2. Table with sizes of repertoire of given donors VJ combination (= number of unique CDR3 beta clonotypes with this VJ combination), and column indicating if you want to use this sample for current analysis (normally this indicates, that sample corresponds to patient cohort). See demo/samples_TCRBV05-01_TCRBJ01-01.csv for example.

Table 1. example:

CDR3.amino.acid.sequence Donor1.Read.count Donor2.Read.count Donor3.Read.count

Table 2. example:

sample count analysis
Donor1 3040 TRUE
Donor2 5304 TRUE
Donor3 1356 FALSE

Below is a real world example of analysis for TRBV7-6 TRBJ1-4 combination from Emerson et al, Nature genetics, 2017.


#load sharing data for TRBV7-6 TRBJ1-4 combination for data from Emerson et al, Nature genetics, 2017.

#lets generate 2e9 sequences to estimate generation probability. 
#This takes some time, approx 2 hours on 8-core intel i7 processor. 
#For demo purposes skip it, and load precomputed table (see below)
CDR3s_p<-estimate_pgen_aa(CDR3s,iter=500,nrec=5e5,cores=8, V="TRBV7-6",J="TRBJ1-4")

#Analogous command for single core (use on windows), this simulation takes approx 16 hours of time, so do not run it.
CDR3s_p<-estimate_pgen_aa(CDR3s,iter=500*8,nrec=5e5,cores=1, V="TRBV7-6",J="TRBJ1-4")

#To save time, we could load precomputed table:
#read sample sheet


This outputs the same table with the additional columns, such as p-value and effect size:

#filter clones with 0 in silico rearrangements:

#do multiple testing correction and output significant results only with few columns:

Here is short final output description. See methods section in the manuscript for detailed description.

Field Description
sim_num raw number of simulated TCR amino acid sequences having this CDR3AA
ML ML estimate of probability of observing sequence from data (P_data)
donors number of donors in selected cohort having this CDR3AA
P_post theoretical probability to observe sequence, estimated from recombination model
pval_post p-value (not corrected for multiple testing)
effect_size log10(effect size) is log10(ML)-log10(P_post)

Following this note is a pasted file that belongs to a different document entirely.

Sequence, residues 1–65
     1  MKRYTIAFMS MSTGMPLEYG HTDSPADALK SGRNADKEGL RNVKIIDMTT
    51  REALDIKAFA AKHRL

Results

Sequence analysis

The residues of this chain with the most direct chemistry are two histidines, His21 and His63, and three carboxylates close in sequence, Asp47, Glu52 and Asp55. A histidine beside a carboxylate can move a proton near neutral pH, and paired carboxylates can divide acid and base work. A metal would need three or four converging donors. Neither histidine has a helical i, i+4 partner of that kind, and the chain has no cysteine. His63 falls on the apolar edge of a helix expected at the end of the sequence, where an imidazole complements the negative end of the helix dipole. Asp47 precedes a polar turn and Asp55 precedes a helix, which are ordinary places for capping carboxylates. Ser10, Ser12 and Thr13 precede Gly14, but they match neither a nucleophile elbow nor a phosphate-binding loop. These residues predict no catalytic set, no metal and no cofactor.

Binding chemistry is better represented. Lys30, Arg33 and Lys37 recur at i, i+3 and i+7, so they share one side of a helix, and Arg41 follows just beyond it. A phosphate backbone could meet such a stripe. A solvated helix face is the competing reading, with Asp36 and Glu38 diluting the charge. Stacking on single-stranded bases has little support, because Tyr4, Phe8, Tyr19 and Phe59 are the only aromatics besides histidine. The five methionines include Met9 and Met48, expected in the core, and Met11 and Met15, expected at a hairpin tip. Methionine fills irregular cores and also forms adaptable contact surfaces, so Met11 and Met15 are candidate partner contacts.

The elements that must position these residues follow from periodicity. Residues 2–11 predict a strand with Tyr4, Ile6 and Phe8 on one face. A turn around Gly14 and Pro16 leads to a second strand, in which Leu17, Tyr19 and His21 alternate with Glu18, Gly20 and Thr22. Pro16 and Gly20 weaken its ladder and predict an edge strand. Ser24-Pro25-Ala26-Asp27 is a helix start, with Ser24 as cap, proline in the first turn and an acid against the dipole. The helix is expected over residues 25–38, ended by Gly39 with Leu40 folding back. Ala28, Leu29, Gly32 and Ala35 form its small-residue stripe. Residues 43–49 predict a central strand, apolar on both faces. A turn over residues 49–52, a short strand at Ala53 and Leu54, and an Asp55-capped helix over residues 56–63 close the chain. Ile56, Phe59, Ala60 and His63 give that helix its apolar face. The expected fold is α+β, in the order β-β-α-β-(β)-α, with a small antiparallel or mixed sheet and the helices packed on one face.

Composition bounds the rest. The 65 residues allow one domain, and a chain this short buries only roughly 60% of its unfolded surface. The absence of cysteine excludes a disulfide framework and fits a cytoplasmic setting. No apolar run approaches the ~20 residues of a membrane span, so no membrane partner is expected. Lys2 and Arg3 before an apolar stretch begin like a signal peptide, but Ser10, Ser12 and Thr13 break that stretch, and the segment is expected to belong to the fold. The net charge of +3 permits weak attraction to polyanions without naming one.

Experiment design and power analysis

For the details see Designing the experiment section in the manuscript. Idea is to make a simulation to check, if clone with given P_data and P_post (which is q times lower than P_data) would be found in cohort of size n, sequencing depths vector nvec, significance threshold thres by our method. One could do niter simulations, and function would return number of simulations when clone is below significant threshold, and also number of donors with clone for each simulation. Function return list of number of significant tests for each P_data value (power) and number of donors with sequence in each simulation (sizes, which is a matrix - columns are simulations, each row correspond to donor).
Let's do a quick example:


#do niter=100 simulations for clone with effect size q=5,
#and cohort size n=30 for given values of pdata:
tst_q5<-do_power_analysis(thres = 0.0001,niter = 100,q=5,n=30,nvec=rep(1e3,30),pdata=10^-seq(7,2,length.out = 18))
#lets plot the results!
#Number of significant test depending of clone Pdata
plot(10^-seq(7,2,length.out = 18),tst_q5$power,log="x",type="l",xlab="Pdata'",ylab="# significant results (out of 100)",ylim=c(0,100))
#If clone is less abundant in population, it is harder to find it.

#Average (over 100 simulations for each Pdata) number of donors with sequence:
plot(10^-seq(7,2,length.out = 18),rowSums(tst_q5$sizes)/100,log="x",type="l",xlab="Pdata'",ylab="# of donors with sequence")